Benson has been in the Surgical Technology field for over thirty years, as a Surgical Technologist, a Surgical Assistant, and an instructor. He emphasizes the importance of being teamwork oriented.
“As a Surgical Technologist, you are part of a team in the OR,” he says. “The surgeon, nurse, surgical technologist, surgical assistant, nursing assistant—everyone works together. It’s less about what you know but more about why you are there—for the patient.”
It is essential for Surgical Techs to maintain composure; emergencies can occur quickly in the OR—even in minimally-invasive procedures—and a calm demeanor helps maintain the tone for the whole team.
Training, Skills, and Certification
The first step in pursuing a career in Surgical Technology is to attend an accredited community college or technical school to earn a Certificate or Associate of Science degree in surgical technology.
The Surgical Technology program at Carrington College gives students the hands-on skills they need to become a professional working Surgical Technologist, with an Associate Degree in as few as 15 months. Graduates also earn CPR certification and basic life support—skills required for many jobs.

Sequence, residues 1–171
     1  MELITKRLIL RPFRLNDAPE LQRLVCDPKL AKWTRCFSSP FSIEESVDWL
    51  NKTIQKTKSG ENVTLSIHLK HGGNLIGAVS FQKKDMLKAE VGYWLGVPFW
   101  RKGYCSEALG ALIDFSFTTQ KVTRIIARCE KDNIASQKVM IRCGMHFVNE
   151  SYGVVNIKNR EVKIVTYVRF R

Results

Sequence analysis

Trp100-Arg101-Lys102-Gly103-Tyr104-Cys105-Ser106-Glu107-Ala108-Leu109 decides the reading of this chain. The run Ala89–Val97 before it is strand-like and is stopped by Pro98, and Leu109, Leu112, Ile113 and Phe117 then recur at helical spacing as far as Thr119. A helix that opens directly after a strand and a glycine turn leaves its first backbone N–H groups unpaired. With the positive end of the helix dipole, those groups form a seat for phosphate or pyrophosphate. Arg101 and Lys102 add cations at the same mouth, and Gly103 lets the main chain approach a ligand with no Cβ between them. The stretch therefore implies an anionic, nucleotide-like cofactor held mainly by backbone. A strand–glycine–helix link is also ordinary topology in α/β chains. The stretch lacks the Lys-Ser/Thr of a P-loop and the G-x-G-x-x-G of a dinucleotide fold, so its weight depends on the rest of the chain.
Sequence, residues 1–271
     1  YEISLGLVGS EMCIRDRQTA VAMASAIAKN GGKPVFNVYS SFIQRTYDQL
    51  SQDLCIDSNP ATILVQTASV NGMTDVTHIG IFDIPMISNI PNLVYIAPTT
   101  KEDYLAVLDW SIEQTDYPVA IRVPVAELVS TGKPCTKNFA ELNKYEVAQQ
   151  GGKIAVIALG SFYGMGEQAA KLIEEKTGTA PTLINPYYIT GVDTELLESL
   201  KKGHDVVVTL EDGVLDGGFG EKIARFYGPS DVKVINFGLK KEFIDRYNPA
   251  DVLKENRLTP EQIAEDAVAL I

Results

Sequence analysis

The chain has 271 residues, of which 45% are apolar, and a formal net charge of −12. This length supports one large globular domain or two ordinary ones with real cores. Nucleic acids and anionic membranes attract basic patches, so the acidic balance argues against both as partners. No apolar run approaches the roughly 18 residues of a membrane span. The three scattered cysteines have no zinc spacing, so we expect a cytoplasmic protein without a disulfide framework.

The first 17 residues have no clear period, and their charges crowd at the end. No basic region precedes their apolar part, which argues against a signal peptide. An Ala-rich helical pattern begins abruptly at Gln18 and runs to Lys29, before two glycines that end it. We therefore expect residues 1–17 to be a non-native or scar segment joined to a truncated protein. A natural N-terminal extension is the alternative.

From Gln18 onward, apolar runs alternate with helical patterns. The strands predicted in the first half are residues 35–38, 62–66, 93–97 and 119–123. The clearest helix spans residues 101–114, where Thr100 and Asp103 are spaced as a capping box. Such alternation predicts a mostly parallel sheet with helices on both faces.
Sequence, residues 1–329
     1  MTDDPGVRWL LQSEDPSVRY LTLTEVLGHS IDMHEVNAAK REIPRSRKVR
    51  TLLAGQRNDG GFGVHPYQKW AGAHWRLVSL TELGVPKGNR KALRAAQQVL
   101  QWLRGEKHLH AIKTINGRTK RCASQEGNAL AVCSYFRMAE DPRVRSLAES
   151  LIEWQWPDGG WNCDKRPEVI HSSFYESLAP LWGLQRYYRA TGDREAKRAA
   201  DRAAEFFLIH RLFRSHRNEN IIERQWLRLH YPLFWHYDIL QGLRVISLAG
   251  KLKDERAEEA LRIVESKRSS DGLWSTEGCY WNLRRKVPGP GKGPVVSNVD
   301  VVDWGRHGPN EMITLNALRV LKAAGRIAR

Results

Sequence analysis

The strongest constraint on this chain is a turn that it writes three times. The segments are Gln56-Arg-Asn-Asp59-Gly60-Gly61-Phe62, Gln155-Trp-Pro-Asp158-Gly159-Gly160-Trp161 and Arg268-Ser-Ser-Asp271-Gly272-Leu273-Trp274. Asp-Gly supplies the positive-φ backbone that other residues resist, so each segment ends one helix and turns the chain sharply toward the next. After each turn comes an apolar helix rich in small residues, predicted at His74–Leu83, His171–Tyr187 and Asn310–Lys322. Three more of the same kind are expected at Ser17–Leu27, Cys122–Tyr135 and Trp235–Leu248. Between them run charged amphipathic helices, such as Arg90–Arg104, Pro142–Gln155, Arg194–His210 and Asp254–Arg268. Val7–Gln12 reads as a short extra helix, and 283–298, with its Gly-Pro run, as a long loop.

Students in the Surgical Technology program learn with a blend of virtual classroom instruction and hands-on instruction in both ‘mock’ operating room labs and clinical (externship) settings—such as hospitals or surgical centers.
During the last month of their final term, first cohort students are eligible to sit for the Certified Surgical Technologist (CST) National Certification Exam offered by the National Board of Surgical Technology and Surgical Assisting (NBSTSA). As the Surgical Technology program is in its first year at Carrington, first cohorts can sit for the National Exam. After obtaining accreditation, at the end of the first year, all other students are eligible.
The students are prepared to work as surgical technologists upon graduation and obtaining the national certification makes them more marketable and eligible to work anywhere in the country.
Surgical Technologists mainly work in hospital operating rooms or labor and delivery, or in minor surgical centers or GI labs, which perform outpatient procedures.